Session Type: Abstract Submissions (ACR)
Background/Purpose: Wrist joint is most commonly involved in rheumatoid arthritis (RA) and consists of multiple compartments; radiocarpal, midcarpal, and carpometacarpal joints. Intraarticular corticosteroid injection is usually done into radiocarpal joint for wrist joint swelling. However, it is hard to expect that drug injected into the radiocarpal joint spread to other compartments of wrist joint.To identify the distribution of joint effusions in swollen wrist joints of patients with RA and examine the effect of intraarticular corticosteroid injection into multiple compartments of wrist joints.
Methods: In RA patients with wrist joint swelling, we examined the distribution of joint effusion (radiocarpal, midcarpal, and carpometacarpal joints and extensor digitorum tendons) using musculoskeletal ultrasound.
Twenty-seven patients presented with wrist joint swelling including 3 patients with both wrists involved and total of 30 wrist joints were examined. Twenty patients were female (74%), mean age was 55.8 ± 11.8 years, and mean disease duration was 62.5 ± 61.22 months. Twenty-four patients (88.9%) were seropositive and 9 patients (33.3%) had been treated with anti-TNF agents. Radio-carpal joint effusion was present in all 30 swollen wrist joints. Of note, effusion was found in midcarpal joints of 28 swollen wrists (93.3%). Among midcarpal joints, lunate-capitate joint was most commonly involved (n=28), followed by lunate-hamate joint (n=26), scaphoid-trapezoid joint (n=25), and triquetrum-hamate joint (n=25). In 15 wrists, effusion was also found in carpometacarpal joints (CMC); 4th CMC joint (n=10), 5th CMC joint (n=9), 3rd CMC joint (n=6), and 2nd CMC joint (n=2). Extensor digitorum tendons were involved in 3 wrists. We injected corticosteroid into both radiocarpal and midcarpal joints in 7 wrists and 6 of them (85.7%) showed marked improvement in pain and swelling at the next visit.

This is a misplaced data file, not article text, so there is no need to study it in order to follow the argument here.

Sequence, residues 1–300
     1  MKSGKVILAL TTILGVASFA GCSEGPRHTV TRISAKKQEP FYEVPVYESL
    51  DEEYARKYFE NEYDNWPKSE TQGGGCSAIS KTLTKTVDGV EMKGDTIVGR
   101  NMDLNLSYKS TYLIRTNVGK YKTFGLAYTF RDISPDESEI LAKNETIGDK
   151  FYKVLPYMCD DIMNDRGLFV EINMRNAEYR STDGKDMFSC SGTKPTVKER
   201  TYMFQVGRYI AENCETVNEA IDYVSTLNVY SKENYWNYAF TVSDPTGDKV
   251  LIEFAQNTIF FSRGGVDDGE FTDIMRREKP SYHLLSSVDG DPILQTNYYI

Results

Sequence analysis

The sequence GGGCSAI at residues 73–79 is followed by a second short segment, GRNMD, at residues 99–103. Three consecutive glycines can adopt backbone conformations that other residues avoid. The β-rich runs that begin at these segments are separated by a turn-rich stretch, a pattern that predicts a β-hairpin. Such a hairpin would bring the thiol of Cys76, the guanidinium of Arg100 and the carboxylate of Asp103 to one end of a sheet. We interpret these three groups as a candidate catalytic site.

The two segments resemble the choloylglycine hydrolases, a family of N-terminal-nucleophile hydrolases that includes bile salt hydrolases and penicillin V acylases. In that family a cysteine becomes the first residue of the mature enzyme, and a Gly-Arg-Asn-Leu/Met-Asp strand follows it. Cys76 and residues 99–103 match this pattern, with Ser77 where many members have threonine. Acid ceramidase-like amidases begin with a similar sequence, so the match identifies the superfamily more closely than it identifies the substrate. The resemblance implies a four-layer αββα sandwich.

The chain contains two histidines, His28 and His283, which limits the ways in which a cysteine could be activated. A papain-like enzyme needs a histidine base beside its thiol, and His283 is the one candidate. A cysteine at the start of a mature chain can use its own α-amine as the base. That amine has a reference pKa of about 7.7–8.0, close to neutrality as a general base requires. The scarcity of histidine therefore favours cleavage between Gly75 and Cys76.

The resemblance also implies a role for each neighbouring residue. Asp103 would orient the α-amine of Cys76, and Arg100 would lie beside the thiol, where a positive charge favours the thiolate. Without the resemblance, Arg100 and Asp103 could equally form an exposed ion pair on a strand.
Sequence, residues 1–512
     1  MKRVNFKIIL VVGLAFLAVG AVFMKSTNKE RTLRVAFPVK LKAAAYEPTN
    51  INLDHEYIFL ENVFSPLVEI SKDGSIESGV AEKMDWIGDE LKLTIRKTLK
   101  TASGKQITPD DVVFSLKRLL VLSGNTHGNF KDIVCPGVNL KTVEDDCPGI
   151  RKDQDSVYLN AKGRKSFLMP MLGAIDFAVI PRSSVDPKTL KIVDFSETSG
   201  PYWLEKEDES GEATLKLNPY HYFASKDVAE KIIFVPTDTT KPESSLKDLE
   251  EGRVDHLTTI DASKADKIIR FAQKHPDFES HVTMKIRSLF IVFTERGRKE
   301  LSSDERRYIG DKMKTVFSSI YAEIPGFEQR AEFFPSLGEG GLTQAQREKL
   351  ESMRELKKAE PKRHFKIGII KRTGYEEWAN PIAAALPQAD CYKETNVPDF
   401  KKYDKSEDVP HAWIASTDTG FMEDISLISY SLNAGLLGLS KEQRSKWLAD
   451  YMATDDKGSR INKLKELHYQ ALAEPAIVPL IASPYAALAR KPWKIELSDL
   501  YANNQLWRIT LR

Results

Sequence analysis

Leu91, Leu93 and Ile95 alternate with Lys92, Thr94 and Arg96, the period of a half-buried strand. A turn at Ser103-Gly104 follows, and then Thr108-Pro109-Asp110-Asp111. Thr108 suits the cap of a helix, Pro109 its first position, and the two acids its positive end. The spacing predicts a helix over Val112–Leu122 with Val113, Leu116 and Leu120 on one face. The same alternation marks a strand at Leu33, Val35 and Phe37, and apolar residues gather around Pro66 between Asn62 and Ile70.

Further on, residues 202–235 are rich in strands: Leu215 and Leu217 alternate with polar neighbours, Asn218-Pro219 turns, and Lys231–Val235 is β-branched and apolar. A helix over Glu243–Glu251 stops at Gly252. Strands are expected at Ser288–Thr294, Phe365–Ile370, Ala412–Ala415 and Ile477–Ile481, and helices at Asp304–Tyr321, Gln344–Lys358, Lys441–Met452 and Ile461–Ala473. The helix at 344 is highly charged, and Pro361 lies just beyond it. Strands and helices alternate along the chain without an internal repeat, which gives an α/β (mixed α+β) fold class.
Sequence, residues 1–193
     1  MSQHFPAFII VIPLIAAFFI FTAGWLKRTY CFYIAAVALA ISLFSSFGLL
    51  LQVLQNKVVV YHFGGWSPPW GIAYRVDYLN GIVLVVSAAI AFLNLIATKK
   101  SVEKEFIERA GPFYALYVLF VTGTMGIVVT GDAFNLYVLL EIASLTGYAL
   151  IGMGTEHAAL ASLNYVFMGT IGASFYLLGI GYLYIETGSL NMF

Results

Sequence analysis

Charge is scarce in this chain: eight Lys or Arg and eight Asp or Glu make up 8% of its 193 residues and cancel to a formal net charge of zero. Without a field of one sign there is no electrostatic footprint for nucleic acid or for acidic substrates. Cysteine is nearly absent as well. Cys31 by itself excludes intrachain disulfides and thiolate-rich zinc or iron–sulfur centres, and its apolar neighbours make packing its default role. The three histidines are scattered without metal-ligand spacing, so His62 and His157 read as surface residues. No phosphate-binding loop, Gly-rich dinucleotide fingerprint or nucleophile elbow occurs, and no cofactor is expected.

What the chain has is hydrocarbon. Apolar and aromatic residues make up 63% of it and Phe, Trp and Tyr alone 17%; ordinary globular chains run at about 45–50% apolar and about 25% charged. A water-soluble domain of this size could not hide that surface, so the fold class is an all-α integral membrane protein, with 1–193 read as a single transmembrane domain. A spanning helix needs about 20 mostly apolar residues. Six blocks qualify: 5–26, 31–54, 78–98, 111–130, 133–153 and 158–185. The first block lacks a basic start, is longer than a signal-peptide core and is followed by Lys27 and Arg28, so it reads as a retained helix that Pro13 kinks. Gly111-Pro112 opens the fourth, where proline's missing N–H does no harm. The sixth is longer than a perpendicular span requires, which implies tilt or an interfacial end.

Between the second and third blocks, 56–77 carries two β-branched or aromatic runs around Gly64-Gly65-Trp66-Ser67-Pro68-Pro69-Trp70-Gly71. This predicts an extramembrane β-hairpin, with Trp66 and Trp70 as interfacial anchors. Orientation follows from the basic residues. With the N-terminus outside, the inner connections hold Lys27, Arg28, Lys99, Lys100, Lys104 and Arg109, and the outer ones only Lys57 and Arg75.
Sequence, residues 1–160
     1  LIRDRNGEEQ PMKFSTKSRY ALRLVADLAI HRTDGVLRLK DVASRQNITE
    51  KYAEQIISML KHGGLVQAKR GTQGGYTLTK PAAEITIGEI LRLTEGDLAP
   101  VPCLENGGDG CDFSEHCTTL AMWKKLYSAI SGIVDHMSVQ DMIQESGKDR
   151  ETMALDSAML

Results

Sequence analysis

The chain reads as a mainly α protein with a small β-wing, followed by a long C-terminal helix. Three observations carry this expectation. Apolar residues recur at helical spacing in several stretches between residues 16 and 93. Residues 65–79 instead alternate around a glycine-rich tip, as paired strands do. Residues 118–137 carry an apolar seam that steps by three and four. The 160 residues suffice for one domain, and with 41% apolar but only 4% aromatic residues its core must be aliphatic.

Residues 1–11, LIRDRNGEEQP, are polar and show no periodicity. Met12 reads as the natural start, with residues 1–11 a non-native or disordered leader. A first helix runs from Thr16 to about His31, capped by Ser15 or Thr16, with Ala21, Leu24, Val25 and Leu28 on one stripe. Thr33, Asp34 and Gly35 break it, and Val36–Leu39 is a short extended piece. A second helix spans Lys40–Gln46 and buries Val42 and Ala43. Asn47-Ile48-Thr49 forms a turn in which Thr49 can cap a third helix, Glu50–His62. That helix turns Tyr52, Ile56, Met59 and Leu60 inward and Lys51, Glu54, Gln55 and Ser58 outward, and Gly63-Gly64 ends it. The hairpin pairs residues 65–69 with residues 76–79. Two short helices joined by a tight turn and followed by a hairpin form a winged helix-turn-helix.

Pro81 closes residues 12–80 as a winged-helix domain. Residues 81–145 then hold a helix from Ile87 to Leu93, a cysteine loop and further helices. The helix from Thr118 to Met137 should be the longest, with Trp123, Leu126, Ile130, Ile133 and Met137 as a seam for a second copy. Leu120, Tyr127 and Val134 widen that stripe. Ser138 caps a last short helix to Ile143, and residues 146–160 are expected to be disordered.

Midcarpal joint effusion is as common as radiocarpal joint effusion in swollen wrists of patients with RA. This suggests that, in patients with wrist joint swelling, not only radicarpal joint but also midcarpal joint should be considered for intraarticular corticosteroid injection.
J. H. Lee,
Y. S. Suh,
J. H. Koh,
S. M. Jung,
J. Y. Lee,
S. Y. Lee,
S. K. Kwok,
J. H. Ju,
K. S. Park,
D. C. Jeong,
S. H. Park,
« Back to 2013 ACR/ARHP Annual Meeting
ACR Meeting Abstracts - https://acrabstracts.org/abstract/midcarpal-joint-effusion-is-as-common-as-radiocarpal-joint-effusion-in-swollen-wrists-of-patients-with-rheumatoid-arthritis/